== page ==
Mar 22, 2019 04:35 AM

Money-Losing Vaccine Maker Aims to Soothe Skeptics With Hong Kong IPO

A facility at CanSino, whose shares will make their Hong Kong trading debut next week. Photo: VCG
A facility at CanSino, whose shares will make their Hong Kong trading debut next week. Photo: VCG

Biotech firm CanSino Biologics Inc. will become China’s first money-losing vaccine maker to list in Hong Kong when its shares make their trading debut next week.

CanSino made headlines in 2017 when China’s regulator approved its vaccine for the deadly Ebola virus that ravaged parts of Western Africa in 2014 and 2015. That vaccine was co-developed with the Chinese military and was one of a number of similar products being created globally to fight the disease. 

But analysts said CanSino’s Ebola vaccine will have a limited market and most of its other products are still in early development stages. Faced with that reality, the company is likely to continue posting losses for at least the next few years, wrote Zhongtai Securities in a research note, giving the company a “neutral” rating.

CanSino could raise as much as HK$1.25 billion ($160 million) in the offering, whose first public filings date back to last July. The initial filings came just months after Hong Kong relaxed a rule that had required all such companies to be profitable before listing. It made that move to attract startups from the hot biotech sector, whose products can be extremely lucrative but often take years to commercialize.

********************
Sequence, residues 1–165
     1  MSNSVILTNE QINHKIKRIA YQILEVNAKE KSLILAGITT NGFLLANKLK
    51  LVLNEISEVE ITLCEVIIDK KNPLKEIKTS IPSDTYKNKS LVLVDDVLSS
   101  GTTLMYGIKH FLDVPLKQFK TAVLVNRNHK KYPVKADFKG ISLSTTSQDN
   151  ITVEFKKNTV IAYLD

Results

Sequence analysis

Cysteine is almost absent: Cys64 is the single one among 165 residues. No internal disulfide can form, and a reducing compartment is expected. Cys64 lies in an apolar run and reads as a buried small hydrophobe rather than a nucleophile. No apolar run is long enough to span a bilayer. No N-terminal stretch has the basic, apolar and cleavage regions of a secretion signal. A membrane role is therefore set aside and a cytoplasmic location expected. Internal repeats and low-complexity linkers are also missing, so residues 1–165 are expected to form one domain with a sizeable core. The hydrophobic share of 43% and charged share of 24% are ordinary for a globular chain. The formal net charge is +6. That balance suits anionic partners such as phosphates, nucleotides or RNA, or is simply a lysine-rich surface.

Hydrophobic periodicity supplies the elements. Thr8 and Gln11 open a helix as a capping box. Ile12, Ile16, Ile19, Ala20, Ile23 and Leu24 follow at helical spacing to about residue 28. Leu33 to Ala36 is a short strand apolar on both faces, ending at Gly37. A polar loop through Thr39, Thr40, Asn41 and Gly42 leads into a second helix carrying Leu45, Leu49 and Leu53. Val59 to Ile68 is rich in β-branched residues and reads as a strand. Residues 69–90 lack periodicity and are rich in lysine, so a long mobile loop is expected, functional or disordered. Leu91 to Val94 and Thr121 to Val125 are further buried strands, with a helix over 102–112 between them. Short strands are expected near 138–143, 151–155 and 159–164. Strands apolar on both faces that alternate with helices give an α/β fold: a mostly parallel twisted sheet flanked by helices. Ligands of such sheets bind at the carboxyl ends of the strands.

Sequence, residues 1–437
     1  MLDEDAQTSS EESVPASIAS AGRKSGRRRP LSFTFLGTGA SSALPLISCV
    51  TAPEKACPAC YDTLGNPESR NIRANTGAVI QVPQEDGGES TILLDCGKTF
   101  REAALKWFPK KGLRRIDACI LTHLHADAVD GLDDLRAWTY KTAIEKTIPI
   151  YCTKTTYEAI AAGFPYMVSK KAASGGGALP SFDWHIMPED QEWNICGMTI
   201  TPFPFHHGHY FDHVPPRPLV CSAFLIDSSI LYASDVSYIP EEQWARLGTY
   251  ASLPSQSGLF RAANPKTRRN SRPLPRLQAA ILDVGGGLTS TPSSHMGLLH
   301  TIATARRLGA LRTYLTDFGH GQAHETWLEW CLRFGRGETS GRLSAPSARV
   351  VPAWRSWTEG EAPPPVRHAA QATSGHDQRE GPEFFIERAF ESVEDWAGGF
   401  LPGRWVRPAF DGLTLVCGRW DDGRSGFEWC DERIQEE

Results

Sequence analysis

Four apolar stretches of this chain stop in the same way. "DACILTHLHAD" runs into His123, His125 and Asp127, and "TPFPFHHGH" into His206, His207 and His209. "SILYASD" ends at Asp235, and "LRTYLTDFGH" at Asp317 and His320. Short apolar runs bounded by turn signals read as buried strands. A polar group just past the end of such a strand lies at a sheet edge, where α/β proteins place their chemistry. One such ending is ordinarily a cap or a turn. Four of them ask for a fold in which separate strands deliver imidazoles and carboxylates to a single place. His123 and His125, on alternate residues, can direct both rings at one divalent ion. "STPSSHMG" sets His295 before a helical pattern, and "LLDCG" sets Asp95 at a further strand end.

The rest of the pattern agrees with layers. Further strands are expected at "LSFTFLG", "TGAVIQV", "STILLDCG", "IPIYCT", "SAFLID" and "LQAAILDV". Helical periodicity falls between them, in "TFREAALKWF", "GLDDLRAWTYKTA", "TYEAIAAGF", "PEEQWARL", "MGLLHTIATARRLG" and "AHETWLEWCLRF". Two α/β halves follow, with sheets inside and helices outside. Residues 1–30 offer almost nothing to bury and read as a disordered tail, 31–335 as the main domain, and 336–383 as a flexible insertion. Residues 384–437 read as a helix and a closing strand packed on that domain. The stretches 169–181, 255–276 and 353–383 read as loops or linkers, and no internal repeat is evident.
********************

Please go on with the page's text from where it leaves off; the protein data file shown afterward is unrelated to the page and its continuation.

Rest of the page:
CanSino is planning to sell 57.25 million shares in a price range of HK$21 to HK$22 each. The company started taking orders for the stock Monday, and trading will begin March 28.

Three cornerstone investors have committed to buying a big portion of the IPO shares. Biotech investor LAV Amber Ltd. has agreed to buy 3.57 million shares; British health care-oriented fund OrbiMed is buying $25 million worth; and a fund tied to the Tianjin government has agreed to buy $10 million.

Founded in 2009, CanSino posted a net loss of 139 million yuan ($20.8 million) in 2018, with research and development costs, including clinical trial costs, of 121 million yuan for the year, according to its prospectus. Following the IPO the company should be valued between HK$4.6 billion and HK$4.8 billion, which is relatively low compared with its peers, according to Zhongtai Securities. CanSino was the eighth biotech business without any significant revenue to apply for a listing after the Hong Kong rule change. Many of the earliest listings performed poorly last year as investors worried about the companies’ futures and China’s broader market entered bear territory.

But two of the latest listings have fared much better. Shares of CStone Pharmaceuticals have risen nearly 40% since their listing in February, while Shanghai Junshi Biosciences Co. Ltd. has gained nearly 60% since its December trading debut, amid a broader rally for Chinese stocks since the start of this year.

Contact reporter Yang Ge (

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